More 'can' be done
“Is canned ready for an organic market?" asks this week’s The Grocer magazine. I’m intrigued by this question - the headline for an article that I take to mean “are non-organic brands and retailers missing a trick?”
It’s obvious that a sizeable number of organic players certainly aren’t, with Whole Earth, Mr Organic and Epicure rightly identified among those leading the field. Joined by some conspicuous others, including Heinz, Suma, Tarantella and Biona, organic-in-a-tin is already doing rather well. In fact, the canned and packaged category has been a considerable success story over the last five years, adding over £80m in value in that period, while canned vegetables grew 16% year on year to the end of June 2018. Own-label has also played its part in this growth, with many of the multiples offering a number of organic SKU’s at RRP’s not dissimilar to non-organic, albeit of the rather obvious tomato, beans and pulse variety!
Admittedly, the point here is not to reflect on performance to-date, but to consider potential for future growth. So what prospects are there for the practical and eminently recyclable tin? The article quite rightly homes in on the alignment between emerging consumer demands and some of the attributes associated with the format that we may have taken for granted.
Organic is in good growth, not simply because consumers want everything to be fresh and nutritious, but other factors such as convenience, a 'clean' declaration and assurance around product integrity are all becoming increasingly important. Not only does the humble tin offer readily recyclable packaging, but with an airtight seal to help guard against contamination, steel cans are strong, tamper resistant and - it’s claimed - can rival fresh and frozen in terms of nutritional benefits. Throw in the recent attention packaging has received and it's easy to see why cans tick a lot of boxes for the conscious consumer. Zoom out, look at the bigger picture and it’s clear that the can could have a role to play, taking on some other bigger issues too.
Back in 2012, a German pensioner reported opened – and consumed - a 64 year old tin of lard (rediscovered after being hidden back in the 40’s for a rainy day). Apparently, Mr Feldmier suffered no immediate ill effects, his lard having been given the all-clear by the local lab. I doubt most manufacturers would go out on a limb with a 60 year Best Before date, but it’s an astonishing testament to the shelf life achievable with tinned food. And with 22% of food wasted between farmer and consumer, anything that can help reduce food waste is good news.
Extending the life of foods and reducing food waste is important to the organic sector for several reasons: firstly, although proven to catch up in time, when compared with chemical agriculture, organic farming does have to contend with lower yields. Wide adoption of organic agriculture isn’t necessarily a problem for the world, provided we can adjust our diet to be less meat based, and of course, tackle food wastage.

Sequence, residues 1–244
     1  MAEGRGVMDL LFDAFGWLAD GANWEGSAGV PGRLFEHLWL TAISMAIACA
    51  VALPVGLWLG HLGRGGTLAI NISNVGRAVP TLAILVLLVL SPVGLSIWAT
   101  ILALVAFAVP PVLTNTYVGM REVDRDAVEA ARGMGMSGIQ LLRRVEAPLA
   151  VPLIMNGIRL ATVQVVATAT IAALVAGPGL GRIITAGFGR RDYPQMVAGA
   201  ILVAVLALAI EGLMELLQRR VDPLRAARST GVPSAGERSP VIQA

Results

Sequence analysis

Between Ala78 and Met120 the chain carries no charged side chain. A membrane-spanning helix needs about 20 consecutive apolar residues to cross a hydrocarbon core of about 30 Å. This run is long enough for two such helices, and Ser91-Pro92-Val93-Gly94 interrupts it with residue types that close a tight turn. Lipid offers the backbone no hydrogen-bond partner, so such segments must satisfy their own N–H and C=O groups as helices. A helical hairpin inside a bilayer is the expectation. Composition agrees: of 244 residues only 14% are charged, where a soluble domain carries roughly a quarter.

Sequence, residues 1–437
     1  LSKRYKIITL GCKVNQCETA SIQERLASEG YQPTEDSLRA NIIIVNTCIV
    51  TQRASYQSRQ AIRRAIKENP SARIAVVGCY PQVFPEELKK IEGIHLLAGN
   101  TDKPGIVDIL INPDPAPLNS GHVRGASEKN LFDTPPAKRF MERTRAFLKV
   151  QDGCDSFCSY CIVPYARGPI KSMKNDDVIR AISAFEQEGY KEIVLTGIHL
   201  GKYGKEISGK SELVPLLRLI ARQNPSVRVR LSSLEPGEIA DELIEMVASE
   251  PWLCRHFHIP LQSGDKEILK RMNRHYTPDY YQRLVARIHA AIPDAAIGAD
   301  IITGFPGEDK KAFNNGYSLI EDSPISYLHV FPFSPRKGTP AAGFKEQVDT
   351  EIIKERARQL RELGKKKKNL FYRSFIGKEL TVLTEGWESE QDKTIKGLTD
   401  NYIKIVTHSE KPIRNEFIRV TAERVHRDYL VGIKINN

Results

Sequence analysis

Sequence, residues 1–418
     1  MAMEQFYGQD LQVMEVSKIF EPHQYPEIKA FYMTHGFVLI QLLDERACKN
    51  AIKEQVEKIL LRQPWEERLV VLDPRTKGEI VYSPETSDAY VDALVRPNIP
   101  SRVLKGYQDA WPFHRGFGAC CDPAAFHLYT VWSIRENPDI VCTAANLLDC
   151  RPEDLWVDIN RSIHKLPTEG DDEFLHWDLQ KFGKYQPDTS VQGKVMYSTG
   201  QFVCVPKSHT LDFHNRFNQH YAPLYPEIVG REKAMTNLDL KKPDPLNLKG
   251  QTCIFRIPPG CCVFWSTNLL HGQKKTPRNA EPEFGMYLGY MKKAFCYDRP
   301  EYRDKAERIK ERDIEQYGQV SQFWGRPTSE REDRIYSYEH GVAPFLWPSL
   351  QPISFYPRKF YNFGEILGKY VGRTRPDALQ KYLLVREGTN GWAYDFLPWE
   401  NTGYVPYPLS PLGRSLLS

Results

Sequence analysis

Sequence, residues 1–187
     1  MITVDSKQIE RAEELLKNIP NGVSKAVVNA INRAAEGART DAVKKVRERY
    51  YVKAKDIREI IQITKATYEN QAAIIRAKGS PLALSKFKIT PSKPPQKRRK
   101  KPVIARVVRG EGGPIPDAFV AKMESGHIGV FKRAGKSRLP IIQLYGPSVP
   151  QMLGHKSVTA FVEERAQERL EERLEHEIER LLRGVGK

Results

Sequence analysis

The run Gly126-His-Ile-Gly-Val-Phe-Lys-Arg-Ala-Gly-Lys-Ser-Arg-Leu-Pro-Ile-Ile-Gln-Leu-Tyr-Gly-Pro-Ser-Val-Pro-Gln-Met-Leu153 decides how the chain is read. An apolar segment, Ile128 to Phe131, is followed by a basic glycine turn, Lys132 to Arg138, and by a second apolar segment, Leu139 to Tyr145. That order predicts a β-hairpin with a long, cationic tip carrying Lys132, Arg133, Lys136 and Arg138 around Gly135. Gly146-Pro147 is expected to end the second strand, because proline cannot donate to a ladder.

With their extra-long shelf life, tins could also offer a route to market for organic food that, although not actually wasted, doesn’t always find its way to market as ‘organic’ (an issue highlighted in our 2017 Supply Chain Challenges & Opportunities Report). This is a big challenge for the organic meat sector, where demand for organic steaks and other prime cuts appears to out-strip that of other cuts. Consequently, organic farmers see lower demand for forequarters and face the prospect of organic meat going into non-organic chains. This, of course, adds cost to organic meat.
Ben White of Coombe Farm Organic Meats provides a fantastic example of how product innovation can lead to better product utilisation:
“At Coombe Farm Organic, we were really struggling to balance our beef carcasses when it came to silverside. It was becoming an issue and we had over 250kg in the freezer at one point."
It was during a trip to a food festival, that Ben discovered that biltong was really growing in popularity:
“It’s easy to produce and could be stored ambiently; it was a no brainer – and we actually sell out of biltong now, as we don’t have enough silverside to keep up with demand!”
Could such lateral thinking about product format and utilisation be applied to meat in other ways? Given that consumers are increasingly concerned about additives, origin and welfare standards, it's no surprise that tinned meat has declined in popularity. Perhaps the assurances delivered by organic status could present an opportunity to turn tinned meat around?
In the end, it might be a struggle to get organic spam to appeal, even with additional assurances, but let’s not forget that outside the UK, different perceptions of these products exist. SPAM for example, is highly sought after in South Korea, where the revered status of the product dates back to the 1950s, when U.S. soldiers introduced it on the peninsula during the Korean War. Sales of this frequently gifted product grew by 30% from 2010-2015 in this market, which, coincidently, is also an import/export market for UK organic products.
Whatever manufacturers and brands might want to send to the cannery, the organic tinned meat category feels a little unloved. Up to now, we may have potentially under-appreciated just how much canned goods have to offer the consumer. With a bit of innovation and lateral thinking, there could be yet more growth potential for organic products in this category.
- Lee Holdstock, Trade Relations Manager